PAX East Panel: How Game Companies Use Facebook


Posted March 12, 2011 - By Guest Writer

Facebook Panel
By: Dennis Scimeca

The overarching lesson I took away from the "How Your Favorite Game Companies Use Facebook" panel at PAX East 2011 was that if you're a company that makes games for Facebook, like EA Playfish, you know what to do with the social networking tool because you're already on it. Sam Houston, the Online Content Manager from Playfish, said that his company leverages Facebook as much as possible to send people into their games or their forums, whatever is valuable to Playfish as a company and to their community managers. For Houston, Facebook is a no-brainer. For everyone else on the panel, figuring out how to utilize Facebook is more of a challenge.

John Drake, Manager of Communications and Special Projects at Harmonix, says that his company uses Rock Band's Facebook page mostly as an announcement and marketing tool. “We [also] have a Facebook game called Rock Band Icons which is not that great, [but] I didn't make it,” he said. The Dance Central Facebook page has interactive apps to upload videos of people dancing.

James Stevenson, the Senior Community Manager at Insomniac Games, says that his company focuses on giving out information on their Resistance and Ratchet and Crank franchises. They also have “day in the life of a studio” content, and do things like invite people to community days, and teased some kind of announcement taking place at the Insomniac panel at PAX East on Saturday which might have something to do with Facebook.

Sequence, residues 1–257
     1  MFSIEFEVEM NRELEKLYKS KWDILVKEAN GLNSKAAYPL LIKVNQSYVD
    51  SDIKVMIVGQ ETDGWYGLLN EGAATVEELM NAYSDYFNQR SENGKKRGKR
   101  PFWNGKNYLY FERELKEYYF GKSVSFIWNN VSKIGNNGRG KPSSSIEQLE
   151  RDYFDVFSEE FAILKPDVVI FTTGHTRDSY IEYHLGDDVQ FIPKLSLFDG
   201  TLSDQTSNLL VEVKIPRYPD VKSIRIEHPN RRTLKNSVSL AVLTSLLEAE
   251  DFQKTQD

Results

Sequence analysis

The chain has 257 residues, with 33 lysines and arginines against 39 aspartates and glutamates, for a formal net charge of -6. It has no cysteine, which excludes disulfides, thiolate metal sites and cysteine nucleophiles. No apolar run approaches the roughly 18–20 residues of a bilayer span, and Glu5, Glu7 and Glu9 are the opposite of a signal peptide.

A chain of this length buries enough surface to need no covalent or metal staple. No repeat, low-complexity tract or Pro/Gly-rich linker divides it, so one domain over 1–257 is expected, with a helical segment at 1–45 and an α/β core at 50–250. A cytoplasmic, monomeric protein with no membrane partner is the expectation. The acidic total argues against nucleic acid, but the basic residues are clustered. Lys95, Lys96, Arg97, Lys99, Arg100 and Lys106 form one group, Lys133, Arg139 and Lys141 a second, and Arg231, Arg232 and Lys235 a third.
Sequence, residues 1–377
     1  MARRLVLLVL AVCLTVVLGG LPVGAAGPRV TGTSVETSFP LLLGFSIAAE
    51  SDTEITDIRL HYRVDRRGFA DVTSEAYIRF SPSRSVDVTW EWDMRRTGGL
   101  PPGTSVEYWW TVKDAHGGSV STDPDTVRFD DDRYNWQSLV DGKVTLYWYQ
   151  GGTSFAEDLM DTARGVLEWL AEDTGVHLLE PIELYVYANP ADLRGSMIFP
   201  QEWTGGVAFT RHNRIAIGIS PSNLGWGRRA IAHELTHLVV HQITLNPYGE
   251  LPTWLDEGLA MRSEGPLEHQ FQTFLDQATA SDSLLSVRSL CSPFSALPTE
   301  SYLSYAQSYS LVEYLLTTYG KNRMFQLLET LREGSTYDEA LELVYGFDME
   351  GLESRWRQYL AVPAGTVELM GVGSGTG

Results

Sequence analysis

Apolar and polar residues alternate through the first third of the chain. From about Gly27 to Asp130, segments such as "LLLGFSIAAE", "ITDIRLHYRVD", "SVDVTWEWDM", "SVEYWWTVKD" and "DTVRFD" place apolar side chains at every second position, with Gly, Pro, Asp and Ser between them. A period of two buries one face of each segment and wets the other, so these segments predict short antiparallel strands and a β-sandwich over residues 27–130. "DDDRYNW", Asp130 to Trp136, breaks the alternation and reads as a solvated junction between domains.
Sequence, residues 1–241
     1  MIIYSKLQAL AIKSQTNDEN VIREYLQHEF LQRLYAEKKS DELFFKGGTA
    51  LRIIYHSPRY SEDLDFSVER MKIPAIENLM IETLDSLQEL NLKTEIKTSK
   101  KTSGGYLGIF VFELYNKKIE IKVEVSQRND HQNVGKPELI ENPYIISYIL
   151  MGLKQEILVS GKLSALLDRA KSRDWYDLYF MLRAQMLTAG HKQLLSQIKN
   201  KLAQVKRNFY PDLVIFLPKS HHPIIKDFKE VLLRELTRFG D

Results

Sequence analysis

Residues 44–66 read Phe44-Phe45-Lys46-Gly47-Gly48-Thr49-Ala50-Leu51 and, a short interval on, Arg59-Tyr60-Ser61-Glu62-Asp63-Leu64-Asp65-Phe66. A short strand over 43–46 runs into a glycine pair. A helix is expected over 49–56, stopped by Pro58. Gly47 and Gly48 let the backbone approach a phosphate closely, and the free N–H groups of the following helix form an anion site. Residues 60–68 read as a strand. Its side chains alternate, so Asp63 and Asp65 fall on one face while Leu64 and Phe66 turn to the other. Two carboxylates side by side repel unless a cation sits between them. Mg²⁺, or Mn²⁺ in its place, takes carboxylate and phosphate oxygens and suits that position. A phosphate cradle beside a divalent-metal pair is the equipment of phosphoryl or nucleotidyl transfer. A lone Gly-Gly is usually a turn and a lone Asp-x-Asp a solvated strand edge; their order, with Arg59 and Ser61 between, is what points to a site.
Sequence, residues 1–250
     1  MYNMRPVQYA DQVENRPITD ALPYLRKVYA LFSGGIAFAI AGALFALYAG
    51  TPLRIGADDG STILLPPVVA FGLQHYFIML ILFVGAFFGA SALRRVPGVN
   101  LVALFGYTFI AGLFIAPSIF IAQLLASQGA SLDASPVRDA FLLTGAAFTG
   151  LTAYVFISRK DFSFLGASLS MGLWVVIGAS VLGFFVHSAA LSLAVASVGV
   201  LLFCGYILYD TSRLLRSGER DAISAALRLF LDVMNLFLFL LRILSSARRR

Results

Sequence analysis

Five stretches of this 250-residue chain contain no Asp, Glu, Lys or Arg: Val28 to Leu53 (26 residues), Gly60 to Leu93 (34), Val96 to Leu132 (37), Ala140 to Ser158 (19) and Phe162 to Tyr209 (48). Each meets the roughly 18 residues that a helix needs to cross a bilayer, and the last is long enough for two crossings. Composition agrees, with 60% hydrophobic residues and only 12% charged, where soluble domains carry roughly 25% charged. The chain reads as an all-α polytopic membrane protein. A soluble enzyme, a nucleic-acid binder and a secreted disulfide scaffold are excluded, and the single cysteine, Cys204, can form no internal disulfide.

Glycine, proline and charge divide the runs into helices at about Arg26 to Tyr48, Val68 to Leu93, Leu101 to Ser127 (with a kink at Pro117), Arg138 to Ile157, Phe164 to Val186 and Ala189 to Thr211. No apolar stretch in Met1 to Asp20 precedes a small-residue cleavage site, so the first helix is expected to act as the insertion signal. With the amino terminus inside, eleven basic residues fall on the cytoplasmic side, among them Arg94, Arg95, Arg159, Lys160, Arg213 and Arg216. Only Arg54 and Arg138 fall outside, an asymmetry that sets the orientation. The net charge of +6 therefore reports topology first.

Justin Korthof of Robot Entertainment is “more of a Twitter guy,” but says that his company treats Facebook as if their account was a friend of the people who follow it. They do have a page for their new game, Orcs Must Die, which is more news focused, but he continually stated throughout the panel that Robot is still growing their Facebook presence.

Facebook Panel Pax East 2011

Using Facebook effectively takes some getting used to. Insomniac had the idea of producing some screenshots and art specifically for distribution on Facebook, and planned on releasing it based on the number of “likes” their page received. After debating the required numbers they should set, Insomnaic decided they would release each set of the five sets of content for every 2,000 likes. “We got 15,000 likes in 24 hours, and then we were totally out of assets,” Stevenson said. “It was supposed to be a two-week campaign.”

Drake reflected on how different Harmonix community members are between their forums and their Facebook page. They have half a million active users on their forums, where everyone is anonymous behind forum names, and by and large they all get along fine. “Inside of Facebook, people post ten times more hate-filled speech,” Drake said. Even though you can see who they are on Facebook.

Houston noted the irony that his company, who has more Facebook followers than they can often keep track of or interact meaningfully with, sometimes provides less substantive content on Facebook than the other studios represented on the panel, who had deeper content, but fewer followers. In my mind, this exemplifies the issue with Facebook as a tool for studios that don't produce games specifically for Facebook. It's not really a medium intended for meaningful interaction, or anything short of a “Hey, how are you?” post to keep track of friends or family. Likewise, social game developers don't really design deep gaming experiences historically, and so they mesh well with a service like Facebook. If you make rhythm games, first person shooters, or action games? Not so much.

PAX East Panel: How Game Companies Use Facebook


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